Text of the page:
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'It Sounds Funny But It Works' An Adult Literacy Tutor's Experience of Using Phonics With Adult Basic Learners

Angela Cahill Angela has over eight years' experience as a literacy, numeracy and family learning tutor and currently works as a Resource Tutor with Louth and Meath Education and Training Board (LMETB) in Drogheda, Republic of Ireland. In this role, Angela combines teaching with a learner and tutor support role. Angela has recently completed her M.A. in Education with Waterford Institute of Technology (WIT). The study described here was undertaken as part of a small scale research dissertation project for the M.A. under the supervision of Dr. Maeve O'Grady

'It sounds funny but it works' was a comment made by one of the people in my class regarding the use of phonics and specifically, nonsense words, as part of their reading and spelling instruction. The opportunity to conduct a short ten week research project, as part of my Masters in Education, gave me the chance to examine the value of using phonics in the adult basic education (ABE) classroom. I was unhappy with the way that I had used phonics on an ad hoc basis previously and felt that I could not make a decision as to its value, having never really used it in a systematic and consistent manner. I welcomed the opportunity to critically examine practice and to reconcile to some extent whether the teaching of a de-contextualised skill such as phonics can sit alongside a social practice ethos.

The adult literacy landscape in Ireland is predominantly conceptualised as one of social practice (Stewart, 2011). The National Adult Literacy Agency's (NALA) definition of literacy is;

'Literacy involves listening and speaking, reading, writing, numeracy and using everyday technology to communicate and handle information. But it includes more than the technical skills of communications: it also has personal, social and economic dimensions. Literacy increases the opportunity for individuals, families and communities to reflect on their situation, explore new possibilities and initiate change' (NALA, 2012)

Thus, literacy is recognised as more than a set of technical skills to be acquired. As Stewart mentions, 'the purposes, uses and contexts of literacy practice are fundamental to literacy development in Irish basic education' (2011, p.45). So does phonics instruction have a role to play in the literacy classroom in Ireland?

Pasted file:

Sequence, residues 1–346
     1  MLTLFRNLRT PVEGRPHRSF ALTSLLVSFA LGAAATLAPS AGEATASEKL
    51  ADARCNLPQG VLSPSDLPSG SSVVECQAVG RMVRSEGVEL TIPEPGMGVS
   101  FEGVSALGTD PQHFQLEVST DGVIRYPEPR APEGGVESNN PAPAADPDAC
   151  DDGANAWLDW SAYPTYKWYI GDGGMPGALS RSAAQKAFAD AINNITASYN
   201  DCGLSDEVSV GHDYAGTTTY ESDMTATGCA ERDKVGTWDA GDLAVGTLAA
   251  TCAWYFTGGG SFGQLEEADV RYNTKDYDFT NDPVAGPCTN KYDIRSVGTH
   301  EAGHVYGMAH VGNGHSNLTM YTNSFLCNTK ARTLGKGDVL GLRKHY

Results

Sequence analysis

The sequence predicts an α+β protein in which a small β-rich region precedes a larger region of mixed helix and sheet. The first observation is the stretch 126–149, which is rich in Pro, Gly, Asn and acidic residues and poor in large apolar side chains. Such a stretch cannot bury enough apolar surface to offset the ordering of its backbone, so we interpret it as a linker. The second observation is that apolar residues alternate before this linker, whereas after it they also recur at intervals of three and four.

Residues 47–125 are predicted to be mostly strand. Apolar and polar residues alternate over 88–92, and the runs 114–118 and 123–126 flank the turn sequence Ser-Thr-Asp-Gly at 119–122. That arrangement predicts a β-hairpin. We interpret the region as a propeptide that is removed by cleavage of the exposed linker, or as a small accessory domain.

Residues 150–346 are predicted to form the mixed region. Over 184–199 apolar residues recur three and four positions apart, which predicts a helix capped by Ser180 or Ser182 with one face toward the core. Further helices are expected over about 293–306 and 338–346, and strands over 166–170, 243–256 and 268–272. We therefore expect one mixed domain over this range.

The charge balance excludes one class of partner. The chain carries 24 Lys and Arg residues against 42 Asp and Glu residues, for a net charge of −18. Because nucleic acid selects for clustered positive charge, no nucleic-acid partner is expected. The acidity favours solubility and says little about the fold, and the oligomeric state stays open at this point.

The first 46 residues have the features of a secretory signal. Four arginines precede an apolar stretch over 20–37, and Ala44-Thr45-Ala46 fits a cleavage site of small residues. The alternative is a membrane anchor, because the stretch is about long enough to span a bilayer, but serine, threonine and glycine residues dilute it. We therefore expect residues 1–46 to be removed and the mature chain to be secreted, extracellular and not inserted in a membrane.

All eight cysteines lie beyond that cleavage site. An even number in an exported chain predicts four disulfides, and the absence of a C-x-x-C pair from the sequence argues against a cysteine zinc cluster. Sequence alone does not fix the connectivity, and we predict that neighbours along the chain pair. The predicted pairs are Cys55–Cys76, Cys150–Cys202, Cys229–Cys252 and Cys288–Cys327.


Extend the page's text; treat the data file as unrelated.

Phonics is an approach to teaching reading and spelling that is based on the association of sounds with letters. English is an alphabetic language meaning that written English uses letters (graphemes) to represent the sounds (phonemes) in words. Decoding involves using letter-sound correspondence to recognise words in print (phonics), essential in the reading process. Phonemic awareness is the ability to detect individual sounds within words and is important in spelling.

There is compelling evidence that using a systematic phonics approach with children in early literacy instruction promotes phonemic awareness, the development of decoding skills and results in better outcomes in word identification (Burton, Davey, Lewis, Ritchie and Brooks, 2008). Research from both the US and the UK suggests that phonics has a role to play in reading instruction with adults (Kruidenier, 2002; Kruidenier, 2010; McShane, 2005; Burton et al, 2008). The US research identifies four components of the reading process, alphabetics (incorporating phonics and phonemic awareness), fluency, vocabulary and reading comprehension, as forming an evidence-based framework for teaching reading to adults in basic education settings (McShane, 2005). Most adult reading research in the US is quantitative in approach using random controlled trials and large sample sizes. Very few qualitative findings, with the exception of Massengill's work (2004, 2013), have emerged from the US. The 'Phonics Project' in the UK (Burton et al, 2008) investigated the effect of a phonics intervention strategy with adults. The authors reported significant progress in reading comprehension and spelling. Most importantly, the authors, using qualitative measures,


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